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One important difference between a non-immigrant visa and an immigrant visa is the duration of stay in the United States allowed under the particular visa. A non-immigrant visa allows a foreign national to enter the United States for a temporary period, and an immigrant visa grants the holder the right to reside and work in the United States permanently.

With a non-immigrant visa, a foreign national can enter the United States temporarily as tourists (B-2), business visitors (B-1), students (F-1, M-1), temporary workers (H-1B, L-1, etc.) or for a variety of other reasons. These temporary visas are issued at U.S. Embassies and Consulates abroad. Some non-immigrant visa categories are subject to annual quotas, for example, the H-1B visa; however, most are unrestricted in number.

Immigrant visas grant the holder the right to legally reside and work in the United States permanently, and are known as lawful permanent residents. An immigrant visa can be obtained either in the United States or abroad at a U.S. Embassy or Consulate. An immigrant visa can be obtained through employment or family sponsorship, or if one qualifies under special circumstances. Additionally, a number of immigrant visas each year are granted to investors/entrepreneurs, refugees, highly educated individuals and U.S. Department of State Diversity Lottery winners. The number of immigrant visas issued each year is subject to an annual quota on each category. Wait times for obtaining an immigrant visa depends on which category one qualifies for.

Each case presents a unique set of circumstances and our experienced attorneys can analyze and explore the proper visa options and choices for your goals.

Nonimmigrant Visas

  • B1/B2 Visas - Business Visitors / Tourist
  • E1/E2 - Treaty Trader / Investors
  • F - International Students
  • H-1B - Professionals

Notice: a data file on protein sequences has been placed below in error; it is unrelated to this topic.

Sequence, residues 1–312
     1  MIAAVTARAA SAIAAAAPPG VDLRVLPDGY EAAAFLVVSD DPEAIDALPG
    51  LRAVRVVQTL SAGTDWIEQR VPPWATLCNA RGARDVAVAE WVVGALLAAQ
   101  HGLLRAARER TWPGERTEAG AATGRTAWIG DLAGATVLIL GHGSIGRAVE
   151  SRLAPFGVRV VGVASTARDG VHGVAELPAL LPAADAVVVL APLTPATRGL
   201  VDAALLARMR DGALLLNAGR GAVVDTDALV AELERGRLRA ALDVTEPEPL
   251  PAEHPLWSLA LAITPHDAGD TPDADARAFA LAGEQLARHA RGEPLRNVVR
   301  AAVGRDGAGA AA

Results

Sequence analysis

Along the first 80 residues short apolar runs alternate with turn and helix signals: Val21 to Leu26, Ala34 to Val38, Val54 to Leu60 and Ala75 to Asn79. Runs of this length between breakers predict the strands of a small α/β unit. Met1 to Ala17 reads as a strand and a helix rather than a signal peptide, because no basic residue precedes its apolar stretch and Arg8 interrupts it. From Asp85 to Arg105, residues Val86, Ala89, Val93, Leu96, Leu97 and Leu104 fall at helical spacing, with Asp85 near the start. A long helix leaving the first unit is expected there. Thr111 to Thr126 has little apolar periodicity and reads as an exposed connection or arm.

• H-1C - Nurses
  • H-2A - Agricultural workers
  • H-2B - Seasonal temporary workers
  • H-3 - Trainees
  • J - Exchange visitors
  • K-1 - Fiancés & Fiancées
  • K-2 - Unmarried dependents of K-1s under age 21
  • K-3 - Spouses of U.S. citizens
  • K-4 - Unmarried dependents of K-3s under age 21
  • L1A/L1B - Intercompany Transferees
  • M - Language and vocation students
  • N - NATO employees
  • O - Extraordinary ability aliens
  • P - Athletes, entertainment groups and support personnel
  • Q - Cultural exchange visitors
  • R - Religious Workers
  • S - Criminal informants
  • T - Victims of international trafficking in persons
  • TN - Canadian and Mexican Professionals
  • U - Victims of spousal or child abuse
  • V - Spouses and minor children of legal permanent residents

Immigrant Visas

  • Employment-Sponsored
    • Foreign Permanent Labor Certification (PERM)
    • Multinational executives and managers
    • Religious workers
    • Nurses and physical therapists
    • Exceptional Ability Aliens
  • Family Sponsored
    • Husband / Wife
    • Parents
    • Children
    • Brothers / Sisters
    • Adoption
  • Other
    • Investors / Entrepreneurs
    • Violence Against Women Act (VAWA)
    • Diversity Lottery

Citizenship & Naturalization

United States citizenship is gained by birth in the United States or through naturalization. Naturalization is the process by which U.S. citizenship is conferred upon a foreign citizen or national after he or she fulfills the requirements established by Congress. The general requirements for naturalization include: a period of continuous residence and physical presence in the United States, the ability to read, write, and speak English, a knowledge and understanding of U.S. history and government, good moral character, attachment to the principles of the U.S. Constitution, and a favorable disposition toward the United States.

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Working in the United States?

All foreign workers must obtain permission to work legally in the United States...
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The United States promotes family unity and allows U.S. citizens and permanent residents to national after he or she fulfills...
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Becoming a U.S. Citizen?
Naturalization is the process by which U.S. citizenship is granted to a foreign citizen or national after he or she fulfills...
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